Last Updated on June 21, 2022
A popular New Orleans seafood restaurant will be awarded damages for revenue lost during mandated COVID-19 lockdowns. Oceana Grill has won the country’s first of its kind legal battle in appellate court over shutdown related damages.
Oceana Grill is a massive, partially outdoor seafood restaurant located in the city’s historic French Quarter. According to Eater New Orleans, the establishment is very popular with tourists and “always has a line.”
Cajun Conti, the parent company of Oceana Grill, sued Lloyd’s of London on March 20, 2020, the same day the restaurant shut down. The lawsuit sought coverage for losses incurred while Louisiana restaurants were shuttered during the pandemic.
The restaurant’s lawyers have argued that its premium payment of $91,000 a year for an “all risks commercial insurance policy” entitled it to payments that would make it whole for the business interruptions suffered during the government-mandated restrictions, according to NOLA.com.
A split Louisiana court agreed with the plaintiffs, finding that the policy’s definition of “direct physical loss or damage” was ambiguous. The court ultimately ruled in favor of the restaurant on Wednesday, June 15.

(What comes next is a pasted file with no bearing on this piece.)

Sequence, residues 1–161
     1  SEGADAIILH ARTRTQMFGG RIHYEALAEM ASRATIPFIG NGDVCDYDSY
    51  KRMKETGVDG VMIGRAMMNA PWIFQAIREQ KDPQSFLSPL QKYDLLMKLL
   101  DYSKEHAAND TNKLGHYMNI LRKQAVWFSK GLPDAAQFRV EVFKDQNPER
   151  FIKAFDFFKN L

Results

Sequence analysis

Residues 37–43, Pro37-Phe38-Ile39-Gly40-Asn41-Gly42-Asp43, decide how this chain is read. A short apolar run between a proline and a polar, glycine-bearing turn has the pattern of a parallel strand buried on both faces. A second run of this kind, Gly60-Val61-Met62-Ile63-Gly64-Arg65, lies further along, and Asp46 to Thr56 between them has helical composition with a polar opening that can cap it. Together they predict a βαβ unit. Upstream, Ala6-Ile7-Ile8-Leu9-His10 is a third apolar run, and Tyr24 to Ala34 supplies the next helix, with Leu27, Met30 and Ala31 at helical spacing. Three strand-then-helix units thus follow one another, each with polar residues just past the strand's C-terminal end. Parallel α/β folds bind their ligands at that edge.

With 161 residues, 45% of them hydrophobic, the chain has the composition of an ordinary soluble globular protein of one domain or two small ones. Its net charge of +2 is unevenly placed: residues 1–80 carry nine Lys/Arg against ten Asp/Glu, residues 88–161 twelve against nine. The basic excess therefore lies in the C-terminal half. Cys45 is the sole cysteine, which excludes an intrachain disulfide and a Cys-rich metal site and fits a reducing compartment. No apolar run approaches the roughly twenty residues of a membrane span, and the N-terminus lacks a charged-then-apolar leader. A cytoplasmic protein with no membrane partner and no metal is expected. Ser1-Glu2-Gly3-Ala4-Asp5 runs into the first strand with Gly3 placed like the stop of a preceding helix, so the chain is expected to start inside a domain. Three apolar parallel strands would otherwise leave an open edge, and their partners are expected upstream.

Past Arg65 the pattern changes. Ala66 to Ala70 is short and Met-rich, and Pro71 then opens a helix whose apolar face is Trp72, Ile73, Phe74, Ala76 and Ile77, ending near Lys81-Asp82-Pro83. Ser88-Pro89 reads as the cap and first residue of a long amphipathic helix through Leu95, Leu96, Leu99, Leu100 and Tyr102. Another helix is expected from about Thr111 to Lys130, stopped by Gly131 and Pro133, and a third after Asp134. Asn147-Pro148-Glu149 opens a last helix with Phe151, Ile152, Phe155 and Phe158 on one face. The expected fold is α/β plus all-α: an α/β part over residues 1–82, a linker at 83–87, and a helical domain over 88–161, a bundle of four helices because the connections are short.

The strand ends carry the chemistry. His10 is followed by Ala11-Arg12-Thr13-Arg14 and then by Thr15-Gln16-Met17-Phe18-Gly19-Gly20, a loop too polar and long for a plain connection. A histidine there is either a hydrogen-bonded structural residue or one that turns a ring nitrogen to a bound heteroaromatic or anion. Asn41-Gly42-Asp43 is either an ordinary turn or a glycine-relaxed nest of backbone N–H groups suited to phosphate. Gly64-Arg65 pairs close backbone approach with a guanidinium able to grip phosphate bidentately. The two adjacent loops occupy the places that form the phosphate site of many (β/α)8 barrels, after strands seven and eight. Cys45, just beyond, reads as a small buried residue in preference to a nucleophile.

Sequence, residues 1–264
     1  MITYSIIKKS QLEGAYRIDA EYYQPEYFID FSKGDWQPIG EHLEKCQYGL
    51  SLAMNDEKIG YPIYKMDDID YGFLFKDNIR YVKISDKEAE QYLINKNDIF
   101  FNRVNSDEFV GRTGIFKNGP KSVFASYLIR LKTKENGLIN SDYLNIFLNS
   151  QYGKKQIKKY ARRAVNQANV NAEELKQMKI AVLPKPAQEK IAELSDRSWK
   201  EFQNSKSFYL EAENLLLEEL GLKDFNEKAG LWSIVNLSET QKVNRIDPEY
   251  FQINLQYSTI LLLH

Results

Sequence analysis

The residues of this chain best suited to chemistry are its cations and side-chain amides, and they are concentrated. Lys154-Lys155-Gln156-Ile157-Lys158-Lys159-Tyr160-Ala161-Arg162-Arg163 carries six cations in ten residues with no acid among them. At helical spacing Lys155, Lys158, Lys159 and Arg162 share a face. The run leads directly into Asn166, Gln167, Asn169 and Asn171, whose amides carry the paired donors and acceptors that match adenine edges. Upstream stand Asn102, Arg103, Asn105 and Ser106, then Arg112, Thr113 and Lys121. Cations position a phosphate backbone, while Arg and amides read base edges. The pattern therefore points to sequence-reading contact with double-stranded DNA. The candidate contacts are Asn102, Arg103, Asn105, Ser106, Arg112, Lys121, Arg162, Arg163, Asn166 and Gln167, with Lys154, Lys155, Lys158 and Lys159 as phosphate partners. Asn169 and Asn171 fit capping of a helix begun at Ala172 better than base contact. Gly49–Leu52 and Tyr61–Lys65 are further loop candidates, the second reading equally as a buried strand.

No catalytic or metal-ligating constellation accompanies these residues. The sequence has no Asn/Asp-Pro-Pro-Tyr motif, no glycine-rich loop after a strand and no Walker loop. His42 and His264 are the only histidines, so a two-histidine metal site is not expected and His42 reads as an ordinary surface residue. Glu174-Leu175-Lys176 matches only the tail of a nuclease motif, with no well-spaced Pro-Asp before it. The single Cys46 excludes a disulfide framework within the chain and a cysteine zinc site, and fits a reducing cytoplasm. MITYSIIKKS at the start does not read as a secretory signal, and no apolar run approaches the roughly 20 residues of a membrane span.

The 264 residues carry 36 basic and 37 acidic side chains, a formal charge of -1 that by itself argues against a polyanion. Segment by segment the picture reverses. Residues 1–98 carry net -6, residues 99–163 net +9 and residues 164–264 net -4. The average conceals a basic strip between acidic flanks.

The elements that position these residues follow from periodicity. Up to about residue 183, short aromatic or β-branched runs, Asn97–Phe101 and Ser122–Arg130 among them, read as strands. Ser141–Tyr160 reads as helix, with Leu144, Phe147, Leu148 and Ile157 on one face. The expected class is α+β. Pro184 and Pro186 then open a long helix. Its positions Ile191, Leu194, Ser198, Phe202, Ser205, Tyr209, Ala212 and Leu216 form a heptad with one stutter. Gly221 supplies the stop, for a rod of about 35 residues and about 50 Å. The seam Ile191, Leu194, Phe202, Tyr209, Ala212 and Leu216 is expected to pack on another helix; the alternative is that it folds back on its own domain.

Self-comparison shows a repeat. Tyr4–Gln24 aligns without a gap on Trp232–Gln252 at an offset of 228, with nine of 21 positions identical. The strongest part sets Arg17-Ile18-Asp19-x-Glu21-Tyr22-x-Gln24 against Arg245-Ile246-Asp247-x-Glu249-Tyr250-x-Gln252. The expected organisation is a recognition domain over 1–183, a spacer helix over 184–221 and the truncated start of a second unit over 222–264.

A lower court previously ruled against Cajun Conti’s claims, but this week’s decision has reversed that ruling and will require Lloyd’s of London to pay damages. The court found that Lloyd’s was liable under its insurance policy.
The New Orleans restaurant was among the first to file such a claim and is certainly the first to be successful. A number of other establishments across the country filed similar legal claims, many of which are still playing out in court.
The general consensus has been that the pandemic wouldn’t qualify for business interruption assistance, with a handful of decisions likening lockdown revenue losses to natural disasters.
The latest court ruling went in a different direction, however, finding that Lloyd’s of London’s ambiguous policy was open to interpretation. The court interpreted that physical damage did not have to be “obvious and observable.”
According to Law360, one of the policyholder attorneys involved said the “dam has broken” with the latest ruling. Other appellate courts could agree with the ruling and mandate insurers to compensate for lost revenue.